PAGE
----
Marketing? Technology? More salespeople? What would Zillow have to do to become more valuable/extract more money from the real estate broker/agent?

Speculate away! I doubt we’ll get authoritative answers from anyone at NASDAQ: Z since those are forward-looking statements. :) I’m curious what the community thinks these initiatives will be.

-rsh

 

 

Curious Things Are Afoot, Part 3: Google Plus and the New Paradigm

Some people have too much endurance... and time...

In Part Two, we looked at how social might impact real estate, if it is in fact taken very seriously indeed.  All of it triggered by the acquisition of SocialBios.com by Move, signaling a major strategic move into social.

In yet another display that the universe has a sense of humor, the announcement came at the heel of Google+ being released to the public. If you have even a passing interest in things social media, you’ve probably been playing around with Google+, reading various opinions about it, and either loving it, or hating it.

Initially, I thought Google+ was evidence that Sergey Brin and Co. had too much money. Since they don’t know what else to do with all that cash, I figure they said, “Hey, let’s just make a Facebook clone; that’s only a $100 billion company.”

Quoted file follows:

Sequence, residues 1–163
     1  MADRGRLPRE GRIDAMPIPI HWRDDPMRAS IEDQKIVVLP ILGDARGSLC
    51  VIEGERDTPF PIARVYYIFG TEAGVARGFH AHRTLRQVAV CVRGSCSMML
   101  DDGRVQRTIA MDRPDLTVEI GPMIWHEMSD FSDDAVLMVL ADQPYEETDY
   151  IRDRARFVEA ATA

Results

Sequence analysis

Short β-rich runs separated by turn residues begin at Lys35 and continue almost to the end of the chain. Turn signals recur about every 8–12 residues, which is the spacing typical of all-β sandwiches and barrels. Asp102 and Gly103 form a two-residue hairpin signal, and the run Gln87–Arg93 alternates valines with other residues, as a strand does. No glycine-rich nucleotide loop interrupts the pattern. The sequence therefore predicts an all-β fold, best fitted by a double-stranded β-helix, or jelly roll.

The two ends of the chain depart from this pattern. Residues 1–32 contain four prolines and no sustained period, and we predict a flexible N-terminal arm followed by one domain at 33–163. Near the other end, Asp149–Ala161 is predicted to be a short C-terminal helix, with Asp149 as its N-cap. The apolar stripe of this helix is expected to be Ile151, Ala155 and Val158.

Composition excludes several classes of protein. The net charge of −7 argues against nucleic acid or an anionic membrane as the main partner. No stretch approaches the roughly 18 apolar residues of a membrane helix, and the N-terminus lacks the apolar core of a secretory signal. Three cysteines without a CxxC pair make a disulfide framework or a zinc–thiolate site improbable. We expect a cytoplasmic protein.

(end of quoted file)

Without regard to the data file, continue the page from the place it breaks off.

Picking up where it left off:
But an incredibly clever presentation, done via photos on Google+, made me rethink. And now I believe Google+ might be a sign of something rather visionary. That is a Curious Thing that has strapped on sneakers, so let’s take a look at it.

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Curious Things Are Afoot, Part 2: Commodities, Power, and Change

Any excuse to post this picture...

In Part One, we congratulated Ernie Graham and his team at SocialBios for getting acquired. I hope he picked out a nice Lamborghini Reventon in taxicab yellow.

The second Curious Thing that came about just as Move was announcing its acquisition of SocialBios was the confluence of two seemingly unrelated things. Making sense out of unrelated things — that’s what we do here.